But then, there are serious questions about whether Biden — even after an “A-minus” or maybe “B-plus” start on climate change, rejoining the Paris accords for global action and killing the Keystone XL pipeline for good — is fully rising to the seriousness of the moment. Despite his seeming commitment to phasing out carbon pollution, the Biden administration has flummoxed environmentalists in recent weeks by defending, at least for now, an oil pipeline that would cross Indigenous land and fragile wetlands in Minnesota, and a second controversial project in Alaska. Mixed signals and cautious incrementalism are a dangerous message from the White House at such a perilous time, with sharks like ExxonMobil lobbyists circling.

That’s why I can only stand up and applaud the dozens of young climate activists from the Sunrise Movement who were arrested after sitting down and blockading all 10 entrances to the Biden White House last week, demanding the restoration of climate monies to the infrastructure bill, as well as full funding for the president’s new Civilian Climate Corps that would enlist a small army of young Americans for environmental work.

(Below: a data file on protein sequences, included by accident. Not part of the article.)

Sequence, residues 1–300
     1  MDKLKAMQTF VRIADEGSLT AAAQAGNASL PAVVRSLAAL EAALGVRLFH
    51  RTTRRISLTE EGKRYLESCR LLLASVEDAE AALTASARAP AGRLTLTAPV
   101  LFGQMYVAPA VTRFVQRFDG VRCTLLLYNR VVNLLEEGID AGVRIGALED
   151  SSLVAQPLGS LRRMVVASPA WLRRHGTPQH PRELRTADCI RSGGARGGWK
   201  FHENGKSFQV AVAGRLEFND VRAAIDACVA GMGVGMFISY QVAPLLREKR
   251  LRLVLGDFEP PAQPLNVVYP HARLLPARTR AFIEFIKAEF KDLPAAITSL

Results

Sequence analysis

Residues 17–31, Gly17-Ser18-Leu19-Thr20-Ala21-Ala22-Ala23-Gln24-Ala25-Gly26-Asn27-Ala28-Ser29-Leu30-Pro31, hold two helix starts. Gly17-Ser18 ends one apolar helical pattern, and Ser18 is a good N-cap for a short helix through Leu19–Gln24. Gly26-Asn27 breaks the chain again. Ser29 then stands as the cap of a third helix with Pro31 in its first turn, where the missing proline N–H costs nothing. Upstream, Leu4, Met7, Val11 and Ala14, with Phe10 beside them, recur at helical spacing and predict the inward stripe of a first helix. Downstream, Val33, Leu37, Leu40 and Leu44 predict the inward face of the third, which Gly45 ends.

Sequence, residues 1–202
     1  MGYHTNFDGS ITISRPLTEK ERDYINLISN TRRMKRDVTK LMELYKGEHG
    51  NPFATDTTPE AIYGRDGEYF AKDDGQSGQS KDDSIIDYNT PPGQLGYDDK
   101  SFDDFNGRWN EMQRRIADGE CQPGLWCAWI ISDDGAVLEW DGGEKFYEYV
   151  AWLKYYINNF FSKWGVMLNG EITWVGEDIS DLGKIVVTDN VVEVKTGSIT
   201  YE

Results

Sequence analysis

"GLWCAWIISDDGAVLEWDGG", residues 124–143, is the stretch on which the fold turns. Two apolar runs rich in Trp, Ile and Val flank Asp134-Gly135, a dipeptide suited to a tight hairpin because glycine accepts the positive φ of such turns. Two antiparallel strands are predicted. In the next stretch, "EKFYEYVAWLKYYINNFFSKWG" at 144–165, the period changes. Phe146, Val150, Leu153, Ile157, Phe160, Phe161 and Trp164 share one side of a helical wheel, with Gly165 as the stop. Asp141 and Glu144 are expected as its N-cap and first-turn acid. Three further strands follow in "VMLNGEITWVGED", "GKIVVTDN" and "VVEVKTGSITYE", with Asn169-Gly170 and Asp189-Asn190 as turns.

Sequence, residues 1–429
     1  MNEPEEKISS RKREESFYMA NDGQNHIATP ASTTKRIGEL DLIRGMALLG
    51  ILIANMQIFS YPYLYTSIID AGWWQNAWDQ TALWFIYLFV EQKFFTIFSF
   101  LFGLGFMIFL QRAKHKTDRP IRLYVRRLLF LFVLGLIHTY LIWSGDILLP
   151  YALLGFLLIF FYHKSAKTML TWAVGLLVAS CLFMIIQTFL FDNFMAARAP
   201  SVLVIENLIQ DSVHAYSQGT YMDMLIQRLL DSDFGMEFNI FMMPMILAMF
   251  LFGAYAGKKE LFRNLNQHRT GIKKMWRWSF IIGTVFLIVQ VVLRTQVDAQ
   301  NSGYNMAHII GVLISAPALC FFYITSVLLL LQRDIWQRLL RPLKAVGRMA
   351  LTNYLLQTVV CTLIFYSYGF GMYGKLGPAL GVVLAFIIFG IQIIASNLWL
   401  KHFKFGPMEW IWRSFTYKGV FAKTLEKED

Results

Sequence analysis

Sure, I heard the carping from OK Boomer “Resistance” types (yes, my own generation ... sigh) that activists should be protesting the GOP denialists and not Biden with his good record, but the truth is Biden and the Democrats are the ones who will listen, and they can do more — a lot more. And they must. The only weapon these young people have to fight millions in Big Oil campaign contributions is putting their bodies on the line, and they are bravely doing that. Unlike their corrupt and contented elders, they are not fiddling away while Seattle, Lytton, and the Gulf of Mexico — and God only knows what next — burn.

Yo, do this

  1. If you spent some time on social media this weekend, you might have heard chatter that Summer of Soul — the film from Philly’s own Ahmir “Questlove” Thompson of The Roots, based on long-forgotten-but-priceless footage of a 1969 Harlem music festival — is not just the movie of the year but maybe the best concert documentary of all-time. Believe them! The performances from a remarkable and diverse array of artists — from Stevie Wonder to Nina Simone to, yes, The Fifth Dimension, and many more — are the foundation of a much deeper story, of the moment the American “negro” became “Black.” You may shed a tear or two at the end, not so much for an era that was lost as for the beauty that has been recovered in this remarkable movie, in theaters and streaming on Hulu.